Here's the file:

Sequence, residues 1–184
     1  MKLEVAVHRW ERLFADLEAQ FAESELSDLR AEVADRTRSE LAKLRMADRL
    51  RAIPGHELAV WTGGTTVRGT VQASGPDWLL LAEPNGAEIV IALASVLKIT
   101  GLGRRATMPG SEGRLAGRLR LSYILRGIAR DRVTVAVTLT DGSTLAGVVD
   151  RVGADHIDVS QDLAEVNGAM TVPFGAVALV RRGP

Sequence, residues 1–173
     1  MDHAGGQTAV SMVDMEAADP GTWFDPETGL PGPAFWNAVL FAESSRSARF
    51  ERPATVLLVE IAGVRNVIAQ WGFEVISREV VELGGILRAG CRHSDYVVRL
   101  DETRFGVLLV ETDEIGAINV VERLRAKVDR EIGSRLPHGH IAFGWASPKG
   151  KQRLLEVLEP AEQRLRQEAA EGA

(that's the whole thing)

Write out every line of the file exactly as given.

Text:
Sequence, residues 1–184
     1  MKLEVAVHRW ERLFADLEAQ FAESELSDLR AEVADRTRSE LAKLRMADRL
    51  RAIPGHELAV WTGGTTVRGT VQASGPDWLL LAEPNGAEIV IALASVLKIT
   101  GLGRRATMPG SEGRLAGRLR LSYILRGIAR DRVTVAVTLT DGSTLAGVVD
   151  RVGADHIDVS QDLAEVNGAM TVPFGAVALV RRGP

Sequence, residues 1–173
     1  MDHAGGQTAV SMVDMEAADP GTWFDPETGL PGPAFWNAVL FAESSRSARF
    51  ERPATVLLVE IAGVRNVIAQ WGFEVISREV VELGGILRAG CRHSDYVVRL
   101  DETRFGVLLV ETDEIGAINV VERLRAKVDR EIGSRLPHGH IAFGWASPKG
   151  KQRLLEVLEP AEQRLRQEAA EGA